For years, one question has continued to haunt Residential College administrators: “Can I take an RC course even if I’m not in the RC?”
Administrators say they’ve consistently answered the question, mostly in the affirmative: All students are allowed to enroll in RC courses, excluding RC First-Year Seminars, regardless of what college they are enrolled in.
The Residential College is an undergraduate program within LSA. The college works to challenge students to be creative, think outside the box and take responsibility for their education. All RC students live in East Quad Residence Hall for their first two years of undergraduate study.
As of 2011, RC majors are also available to non-RC students. The RC majors offered include Arts and Ideas in the Humanities, Drama, Social Theory and Practice, Creative Writing and Literature, and an Individualized Concentration program.
Students are also allowed to take RC Intensive Language courses with permission from the instructor. The languages offered include French, German, Spanish, Russian and Latin. The RC also hopes to offer Japanese again in fall 2014. Taking a semester of an intensive language course is fast-paced — equivalent to taking two semesters of a normal LSA language course.
According to curriculum specialist Charles Murphy, most RC courses are composed of more than half LSA and other non-RC students. He said students might be confused because of the RC’s past.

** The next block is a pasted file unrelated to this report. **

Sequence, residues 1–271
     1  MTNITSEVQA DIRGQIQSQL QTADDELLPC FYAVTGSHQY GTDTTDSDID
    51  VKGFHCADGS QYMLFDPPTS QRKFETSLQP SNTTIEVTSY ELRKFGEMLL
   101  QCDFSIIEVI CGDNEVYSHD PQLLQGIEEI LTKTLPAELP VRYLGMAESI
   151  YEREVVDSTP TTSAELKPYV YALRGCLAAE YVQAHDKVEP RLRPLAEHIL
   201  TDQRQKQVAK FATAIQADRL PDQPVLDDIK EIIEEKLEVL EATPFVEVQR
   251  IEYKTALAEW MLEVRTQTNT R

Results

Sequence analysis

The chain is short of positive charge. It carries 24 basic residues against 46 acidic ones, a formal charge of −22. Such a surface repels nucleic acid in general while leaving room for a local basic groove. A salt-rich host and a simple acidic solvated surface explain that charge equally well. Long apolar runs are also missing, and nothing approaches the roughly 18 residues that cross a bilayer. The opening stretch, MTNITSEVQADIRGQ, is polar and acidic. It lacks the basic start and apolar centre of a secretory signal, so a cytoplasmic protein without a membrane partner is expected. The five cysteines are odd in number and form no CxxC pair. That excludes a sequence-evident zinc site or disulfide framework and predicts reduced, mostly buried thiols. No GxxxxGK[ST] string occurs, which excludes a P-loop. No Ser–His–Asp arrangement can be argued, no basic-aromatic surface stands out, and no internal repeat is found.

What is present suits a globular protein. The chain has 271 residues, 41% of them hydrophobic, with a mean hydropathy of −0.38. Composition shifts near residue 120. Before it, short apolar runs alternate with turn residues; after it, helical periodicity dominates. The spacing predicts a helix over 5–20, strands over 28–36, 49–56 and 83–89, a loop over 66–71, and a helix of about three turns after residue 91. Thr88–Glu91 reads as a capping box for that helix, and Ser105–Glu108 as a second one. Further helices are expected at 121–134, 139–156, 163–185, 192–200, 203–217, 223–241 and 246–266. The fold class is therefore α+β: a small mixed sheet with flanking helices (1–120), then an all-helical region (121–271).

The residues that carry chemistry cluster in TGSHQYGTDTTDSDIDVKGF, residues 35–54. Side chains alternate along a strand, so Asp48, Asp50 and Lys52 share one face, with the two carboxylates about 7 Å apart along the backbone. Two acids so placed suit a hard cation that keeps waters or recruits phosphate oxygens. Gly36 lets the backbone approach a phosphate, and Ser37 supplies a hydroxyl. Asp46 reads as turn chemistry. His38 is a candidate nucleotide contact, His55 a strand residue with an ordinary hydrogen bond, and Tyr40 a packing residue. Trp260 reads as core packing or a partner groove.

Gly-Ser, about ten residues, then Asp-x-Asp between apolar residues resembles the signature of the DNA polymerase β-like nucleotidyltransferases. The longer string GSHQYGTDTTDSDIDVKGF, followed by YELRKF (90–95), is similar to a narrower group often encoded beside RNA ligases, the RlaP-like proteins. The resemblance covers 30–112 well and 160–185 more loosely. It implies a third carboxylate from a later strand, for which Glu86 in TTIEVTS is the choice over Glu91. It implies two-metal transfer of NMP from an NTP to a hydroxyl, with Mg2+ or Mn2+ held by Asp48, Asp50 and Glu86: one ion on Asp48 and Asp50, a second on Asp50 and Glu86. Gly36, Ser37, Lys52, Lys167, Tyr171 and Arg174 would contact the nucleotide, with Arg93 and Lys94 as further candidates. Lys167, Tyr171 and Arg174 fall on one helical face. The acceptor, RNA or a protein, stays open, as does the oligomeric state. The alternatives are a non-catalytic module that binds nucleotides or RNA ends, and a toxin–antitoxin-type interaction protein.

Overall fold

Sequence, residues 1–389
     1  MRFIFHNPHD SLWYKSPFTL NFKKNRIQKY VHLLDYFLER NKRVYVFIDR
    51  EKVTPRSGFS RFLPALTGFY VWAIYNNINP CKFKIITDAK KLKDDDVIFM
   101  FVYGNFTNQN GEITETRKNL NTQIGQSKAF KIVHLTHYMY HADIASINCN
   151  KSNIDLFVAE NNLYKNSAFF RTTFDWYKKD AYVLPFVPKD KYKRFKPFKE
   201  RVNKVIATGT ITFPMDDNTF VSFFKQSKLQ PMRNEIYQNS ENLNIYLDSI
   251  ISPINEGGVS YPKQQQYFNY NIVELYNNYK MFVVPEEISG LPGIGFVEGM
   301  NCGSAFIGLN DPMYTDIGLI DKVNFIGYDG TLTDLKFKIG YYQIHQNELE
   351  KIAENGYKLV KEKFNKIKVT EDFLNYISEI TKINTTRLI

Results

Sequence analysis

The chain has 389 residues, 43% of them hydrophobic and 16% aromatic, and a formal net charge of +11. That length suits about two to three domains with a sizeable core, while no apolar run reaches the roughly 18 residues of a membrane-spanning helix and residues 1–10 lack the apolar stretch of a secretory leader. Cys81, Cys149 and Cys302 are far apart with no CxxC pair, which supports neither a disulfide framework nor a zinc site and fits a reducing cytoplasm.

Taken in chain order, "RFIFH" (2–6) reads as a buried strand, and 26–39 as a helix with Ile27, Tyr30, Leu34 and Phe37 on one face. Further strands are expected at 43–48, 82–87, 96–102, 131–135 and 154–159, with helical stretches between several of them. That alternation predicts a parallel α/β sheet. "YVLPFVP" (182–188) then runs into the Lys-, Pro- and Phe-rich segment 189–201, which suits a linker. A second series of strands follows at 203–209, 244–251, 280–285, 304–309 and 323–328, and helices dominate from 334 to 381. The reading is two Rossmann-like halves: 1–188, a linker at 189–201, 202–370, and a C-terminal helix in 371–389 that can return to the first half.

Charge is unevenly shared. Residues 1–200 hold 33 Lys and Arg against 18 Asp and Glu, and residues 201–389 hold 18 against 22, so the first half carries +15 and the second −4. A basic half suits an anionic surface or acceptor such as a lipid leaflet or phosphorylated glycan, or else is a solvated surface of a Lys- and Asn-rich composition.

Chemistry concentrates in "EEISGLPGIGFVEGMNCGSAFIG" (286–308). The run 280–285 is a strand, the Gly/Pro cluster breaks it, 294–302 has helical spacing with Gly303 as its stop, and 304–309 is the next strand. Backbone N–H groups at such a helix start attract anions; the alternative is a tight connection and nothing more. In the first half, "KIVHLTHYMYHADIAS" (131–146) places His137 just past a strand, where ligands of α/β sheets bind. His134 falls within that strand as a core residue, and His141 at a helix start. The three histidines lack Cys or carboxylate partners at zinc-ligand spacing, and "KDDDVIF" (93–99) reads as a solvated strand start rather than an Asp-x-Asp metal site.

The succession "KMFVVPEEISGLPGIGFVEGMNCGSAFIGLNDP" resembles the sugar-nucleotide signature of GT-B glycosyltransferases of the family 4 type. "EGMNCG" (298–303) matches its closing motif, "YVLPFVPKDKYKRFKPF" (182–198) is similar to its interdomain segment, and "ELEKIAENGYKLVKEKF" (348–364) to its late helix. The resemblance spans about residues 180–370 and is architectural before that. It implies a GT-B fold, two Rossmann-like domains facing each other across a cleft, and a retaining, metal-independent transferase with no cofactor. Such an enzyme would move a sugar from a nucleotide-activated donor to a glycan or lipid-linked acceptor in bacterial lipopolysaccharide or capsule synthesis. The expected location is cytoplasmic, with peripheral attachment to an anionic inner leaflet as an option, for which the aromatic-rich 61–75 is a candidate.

“It’s a pretty wide-open game,” Murphy said. “We were closed off for over 45 years. It’s hard to change that perception.”
Despite these facts, there is often widespread confusion on campus on whether or not non-RC students are allowed to enroll in the courses. Lecturer Henry Greenspan said the Residential College has tried to get the word out for many years, including working closely with LSA advisers and student organizations.
“We want to keep the door as open as possible,” Greenspan said.
Most non-RC students are unsure if they can enroll in RC courses because the issue is rarely addressed. LSA junior Alexandria Haimbaugh, who has taken many multiple RC courses, said the classes were scarcely discussed during orientation.
“It made it seem like it was a separate thing,” Haimbaugh said, adding that the classes have given her perspectives that traditional courses have failed to offer.
LSA senior Madeline Dunn, who has also taken many RC courses, said the instruction she’s received from the RC has allowed her to think outside of the box.
“I’ve been opened up to new things most LSA students don’t know,” Dunn said. “The teachers are more creative and expect more from you.”
Are you interested in taking an RC course? The following courses are being offered next semester:
RCARTS 289: Ceramics
Instructor: Susan Crowell
Fulfills requirements: CE
Date/Time: Tuesdays and Thursdays, 9 a.m. to12 p.m.
This course is an introduction to ceramics and forces students to move around and get out of their chairs. Students will learn a variety of simple ceramics techniques, such as creating pots using their hands, clay preparation, forming through printing and slab building.
Students are not required to have prior experience in ceramics. There is only one textbook required for the course, and tools are available for use in the studio.
Students are expected to spend at least six hours of studio involvement outside of class on clay projects. Access to the studio outside of class will be granted if there are no other ceramics classes in session.
Students are required to pay a lab fee of $100.
“Sign up early! We have a limited number of seats,” Prof. Susan Crowell said.
RCCORE 334.003: Out of the Past: 20th Century LGBT History Mini-course
Instructor: David Burkam
Fulfills requirements: N/A
Date/Time: Wednesdays, 4 p.m. to 6 p.m.